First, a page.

Vineyard Haven residents are banding together to revitalize Owen Park, a treasured, historic park in the heart of the highly developed town.

During Vision Council meetings last year that focused on town improvements, Owen Park emerged as a clear priority. The long, narrow lot with a sloping grass hill down to a strip of beach features a bandstand and a pier jutting out into Vineyard Haven Harbor. Points of concern for community members include parking, the fate of the bandstand, pedestrian and parking access, and how to handle the park's many uses.

Around thirty community members gathered Thursday night to talk about the a master plan for the park, which was named after William Barry (W.B.) Owen in 1921.

Concern for the state of the park goes back to the 1980s, when Tisbury Parks and Recreation chairman Lee Smith noted the peeling of the flagpole and the degradation of the swimming area. In 2014, Paul Doherty sent a letter to the Gazette noting the park’s degraded state, spearheading a concerted effort to shine it up.

On Thursday attendees broke into four small groups to talk about Owen Park’s entrance and accessibility, history, waterfront use, and general improvements.

Mr. Doherty, who attended the meeting, said he thought the entrance would be the easiest fix, suggesting trimming the hedge that blocks the view from Main street and adding solar panels to light the flag at all times. He also suggested a buy-a-brick campaign around the flagpole to fund refurbishing and connect people to the park.

“I’ve been saying it for two years, if you clean up a park, people will treat it differently,” Mr. Doherty said, pointing to Ocean Park in Oak Bluffs as an example.

The deteriorating bandstand was also hot topic, with community members agreeing it was tied to history of the park. The original bandstand was built by volunteers in 1921 and replaced in 1961. It would cost an estimated $60,000 to $80,000 to rebuild.

Some community members were in favor of restoring the bandstand to its former glory, while others thought the design need not stay true to the original.

“I’m not wedded to a particular style of bandstand as long as there is a bandstand” said selectman Melinda Loberg in her group’s discussion.

A relative of W.B. Owen, Israel Ziegenhorn, identified the bandstand as a unifying piece of the park, and a focal point of activities, concerts and shows.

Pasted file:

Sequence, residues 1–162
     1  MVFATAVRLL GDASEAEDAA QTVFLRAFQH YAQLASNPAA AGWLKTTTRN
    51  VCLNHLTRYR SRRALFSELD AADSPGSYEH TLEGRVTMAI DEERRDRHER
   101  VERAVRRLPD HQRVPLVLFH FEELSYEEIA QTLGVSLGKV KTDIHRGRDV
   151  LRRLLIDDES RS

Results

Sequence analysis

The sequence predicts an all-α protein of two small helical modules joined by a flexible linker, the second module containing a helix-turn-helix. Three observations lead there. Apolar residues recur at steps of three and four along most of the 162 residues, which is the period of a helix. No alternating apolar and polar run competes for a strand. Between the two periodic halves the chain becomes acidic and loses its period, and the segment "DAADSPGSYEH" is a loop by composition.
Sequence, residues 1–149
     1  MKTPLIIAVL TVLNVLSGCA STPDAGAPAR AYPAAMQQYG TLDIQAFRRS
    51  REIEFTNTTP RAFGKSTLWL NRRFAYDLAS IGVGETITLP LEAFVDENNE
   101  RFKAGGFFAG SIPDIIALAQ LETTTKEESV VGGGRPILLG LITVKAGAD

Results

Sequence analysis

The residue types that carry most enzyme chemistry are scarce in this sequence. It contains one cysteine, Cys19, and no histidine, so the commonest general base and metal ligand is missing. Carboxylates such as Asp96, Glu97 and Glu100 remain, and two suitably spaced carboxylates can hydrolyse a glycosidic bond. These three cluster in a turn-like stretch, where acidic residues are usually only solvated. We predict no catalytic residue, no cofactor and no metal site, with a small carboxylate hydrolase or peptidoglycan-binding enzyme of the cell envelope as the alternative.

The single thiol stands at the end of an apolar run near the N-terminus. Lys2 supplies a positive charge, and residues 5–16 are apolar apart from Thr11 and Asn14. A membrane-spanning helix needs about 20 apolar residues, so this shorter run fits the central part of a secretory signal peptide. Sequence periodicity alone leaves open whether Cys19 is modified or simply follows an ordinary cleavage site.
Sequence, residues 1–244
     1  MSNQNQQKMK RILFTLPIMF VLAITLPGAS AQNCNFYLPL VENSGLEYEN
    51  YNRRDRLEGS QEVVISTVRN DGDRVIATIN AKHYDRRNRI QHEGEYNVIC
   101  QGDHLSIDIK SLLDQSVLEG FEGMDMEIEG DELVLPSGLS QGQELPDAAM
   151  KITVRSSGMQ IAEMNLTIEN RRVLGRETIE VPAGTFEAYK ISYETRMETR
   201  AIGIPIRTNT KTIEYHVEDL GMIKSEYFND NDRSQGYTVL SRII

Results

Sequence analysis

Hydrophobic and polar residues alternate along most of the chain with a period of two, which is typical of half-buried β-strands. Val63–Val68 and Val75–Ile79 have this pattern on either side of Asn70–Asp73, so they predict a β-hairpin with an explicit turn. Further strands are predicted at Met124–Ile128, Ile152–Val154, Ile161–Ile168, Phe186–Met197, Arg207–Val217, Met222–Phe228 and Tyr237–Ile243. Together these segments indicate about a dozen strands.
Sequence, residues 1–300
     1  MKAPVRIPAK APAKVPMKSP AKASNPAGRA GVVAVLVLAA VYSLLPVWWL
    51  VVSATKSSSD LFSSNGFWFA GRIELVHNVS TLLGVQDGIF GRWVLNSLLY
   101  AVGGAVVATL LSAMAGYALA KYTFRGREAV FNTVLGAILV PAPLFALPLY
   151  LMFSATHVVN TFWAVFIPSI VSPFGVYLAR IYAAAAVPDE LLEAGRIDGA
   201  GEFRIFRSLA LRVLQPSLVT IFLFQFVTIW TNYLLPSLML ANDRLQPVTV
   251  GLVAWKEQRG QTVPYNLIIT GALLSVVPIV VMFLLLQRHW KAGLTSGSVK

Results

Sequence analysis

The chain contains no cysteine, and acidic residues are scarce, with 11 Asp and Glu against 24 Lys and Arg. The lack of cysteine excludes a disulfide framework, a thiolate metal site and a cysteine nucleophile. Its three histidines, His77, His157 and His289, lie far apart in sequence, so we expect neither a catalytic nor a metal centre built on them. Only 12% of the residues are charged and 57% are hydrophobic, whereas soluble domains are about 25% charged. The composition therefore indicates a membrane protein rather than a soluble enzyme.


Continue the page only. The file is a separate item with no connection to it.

Others talked about the many varied uses of the park, located on a busy harbor but also one of the most accessible town beaches for children. Boating and swimming are not the best mix, but “we have so few public beaches in town,” said Judy Miller.

Some expressed concern about dirty water, but the beach has a long history as a swimming spot — in the early 1990s Red Cross certified swimming lessons were offered there. Some suggested a sign that delineates what activities the park supports.

The attendees agreed the park needs more attention and that volunteer work alone is not sustainable.

As the meeting concluded, planning board member Cheryl Doble thanked the attendees for their thoughts.

“I heard some really small ideas that are brilliant — brilliant and nobody has brought them up before,” she said.

The town is in the process of hiring a designer to work on a master plan and offer design options. Improvements to the park could begin in spring, with some in place by Memorial Day. Volunteers are needed, Ms. Doble said, directing those interested to the Vision Council’s new website,

Mr. Doherty said though things are still in the talking stage, positive steps have been taken.

“If nothing else, there are eyes on the park now,” said Mr. Doherty.

e in place by Memorial day and are looking for volunteers she said, directing people to the Vision councils new website.

Mr. Doherty said though it was still the talking stage, there have been some positive steps made.

“If nothing else, there’s eyes on the park now,” said Mr. Doherty.